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8. IT is true Bellarmine reproaches this discourse as erroneous; but whatever it might be in the inference which Saint Cyprian drew from it, in it self it was not so. For Saint Austin, tho’ sufficiently engag’d against Saint Cyprian’s conclusion, allows the position as most Orthodox; saying, in the fourth Book of Baptism, cap. 35. Whereas he admonishes to go back to the fountain, that is, the Tradition of the Apostles, and thence bring the stream down to our times; ’tis most excellent, and without doubt to be done.

9. THUS Eusebius expresses himself in his second Book against Sabellius. As it is a point of sloth, not to seek into those things, whereof one may enquire; so ’tis insolence to be inquisitive in others. But what are those things which we ought to enquire into? Even those which are to be found in the Scriptures: those things which are not there to be found, let us not seek after. Eor if they ought to be known, the Holy Ghost had not omitted them in the Scripture.

10. ATHANASIUS in his Tract of the Incarnation, says, It is fit for us to adhere to the Word of God, and not relinquish it, thinking by syllogisms to evade what is there clearly deliver’d. Again, in his Tract to Serap. of the Holy Ghost: Ask not, says he, concerning the Trinity, but learn only from the Scriptures. For the instructions which you will find there, are sufficient. And in his Oration against the Gentiles, declares, 172 That the Scriptures are sufficient to the manifestation of the Truth.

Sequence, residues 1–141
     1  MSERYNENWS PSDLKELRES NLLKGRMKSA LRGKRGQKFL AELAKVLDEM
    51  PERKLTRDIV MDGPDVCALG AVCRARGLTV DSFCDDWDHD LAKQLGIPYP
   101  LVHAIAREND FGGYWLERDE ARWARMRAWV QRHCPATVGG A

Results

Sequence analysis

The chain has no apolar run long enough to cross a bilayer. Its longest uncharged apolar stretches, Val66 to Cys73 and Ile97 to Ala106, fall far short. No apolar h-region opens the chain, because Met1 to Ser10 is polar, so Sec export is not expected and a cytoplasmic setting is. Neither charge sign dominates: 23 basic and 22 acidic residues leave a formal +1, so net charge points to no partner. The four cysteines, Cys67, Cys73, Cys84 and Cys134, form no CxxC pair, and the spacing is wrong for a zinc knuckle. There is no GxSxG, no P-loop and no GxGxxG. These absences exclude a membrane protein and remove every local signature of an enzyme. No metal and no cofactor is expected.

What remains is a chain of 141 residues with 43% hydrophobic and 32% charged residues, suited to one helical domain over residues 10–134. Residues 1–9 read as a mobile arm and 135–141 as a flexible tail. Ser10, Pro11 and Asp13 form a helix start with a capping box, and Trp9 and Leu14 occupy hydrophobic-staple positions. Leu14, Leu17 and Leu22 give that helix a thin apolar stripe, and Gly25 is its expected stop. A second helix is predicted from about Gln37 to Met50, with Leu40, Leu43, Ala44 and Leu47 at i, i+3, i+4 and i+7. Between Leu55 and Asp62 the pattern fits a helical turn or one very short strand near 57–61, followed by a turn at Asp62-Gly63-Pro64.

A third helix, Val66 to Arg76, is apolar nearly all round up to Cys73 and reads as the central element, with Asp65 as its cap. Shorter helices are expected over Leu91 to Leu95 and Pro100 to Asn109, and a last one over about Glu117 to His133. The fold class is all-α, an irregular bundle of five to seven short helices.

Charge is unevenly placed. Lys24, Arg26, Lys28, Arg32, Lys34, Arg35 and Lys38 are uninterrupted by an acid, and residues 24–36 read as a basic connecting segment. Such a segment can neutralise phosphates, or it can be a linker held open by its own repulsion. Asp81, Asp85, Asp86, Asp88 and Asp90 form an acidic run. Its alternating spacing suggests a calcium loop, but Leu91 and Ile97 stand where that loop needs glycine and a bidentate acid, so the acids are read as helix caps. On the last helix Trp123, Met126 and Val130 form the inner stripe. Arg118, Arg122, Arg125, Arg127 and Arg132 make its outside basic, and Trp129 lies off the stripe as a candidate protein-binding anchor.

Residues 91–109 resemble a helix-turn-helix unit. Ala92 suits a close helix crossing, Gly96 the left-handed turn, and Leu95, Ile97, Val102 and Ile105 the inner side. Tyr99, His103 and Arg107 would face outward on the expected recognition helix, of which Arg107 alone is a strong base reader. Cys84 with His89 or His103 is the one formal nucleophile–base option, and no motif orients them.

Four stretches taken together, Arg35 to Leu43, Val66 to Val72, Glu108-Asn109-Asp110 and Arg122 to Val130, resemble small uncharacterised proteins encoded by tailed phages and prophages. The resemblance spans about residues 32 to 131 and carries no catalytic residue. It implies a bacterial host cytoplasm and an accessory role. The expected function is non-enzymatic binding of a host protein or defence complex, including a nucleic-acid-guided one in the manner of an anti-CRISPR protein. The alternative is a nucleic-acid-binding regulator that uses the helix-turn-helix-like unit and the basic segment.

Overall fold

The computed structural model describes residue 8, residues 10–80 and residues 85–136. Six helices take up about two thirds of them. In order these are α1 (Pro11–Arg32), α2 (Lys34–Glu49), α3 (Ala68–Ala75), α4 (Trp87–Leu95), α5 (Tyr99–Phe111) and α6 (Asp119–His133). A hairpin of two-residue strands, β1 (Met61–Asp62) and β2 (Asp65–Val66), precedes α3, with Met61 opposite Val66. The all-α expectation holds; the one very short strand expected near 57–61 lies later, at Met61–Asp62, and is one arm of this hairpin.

11. AGREEABLE to there is Optatus in his fifth Book against Parmen, who reasons thus, You say ’tis lawful to Rebaptize, we say ’tis not lawful: betwixt your saying and our gain-saying the Peoples minds are amus’d. Let no man believe either you or us. All men are apt to be contentious. Therefore Judges are to be call’d in. Christians they cannot be, for they will be parties, and thereby partial. Therefore a Judge is to be look’d out from abroad. If a Pagan, he knows not the mysteries of our Religion. If a Jew, he is an enemy to our Baptism. There is therefore no Earthly Judge; but one is to be sought from Heaven. Yet there is no need of a resort to Heaven, when we have in the Gospel a Testament: and in this case, Celestial things may be compar’d to Earthly. So it is as with a Father who has many Children; while he is present he orders them all, and there is no need of a written Will: Accordingly Christ when he was present upon Earth, from time to time commanded the Apostles whatsoever was necessary. But as the Earthly Father finding himself to be at the point of death, and fearing that after his departure his Children should quarrel among themselves, he calls witnesses, and puts his mind in writing; and if any difference arise among the brethren, they go not to their Fathers Sepulchre, but repair to his Will and Testament; and he who rests in his grave, 173 speaks still in his writing, as if he were alive. Our Lord who left his Will among us, is now in Heaven, therefore let its seek his Commands in the Gospel as in his Will.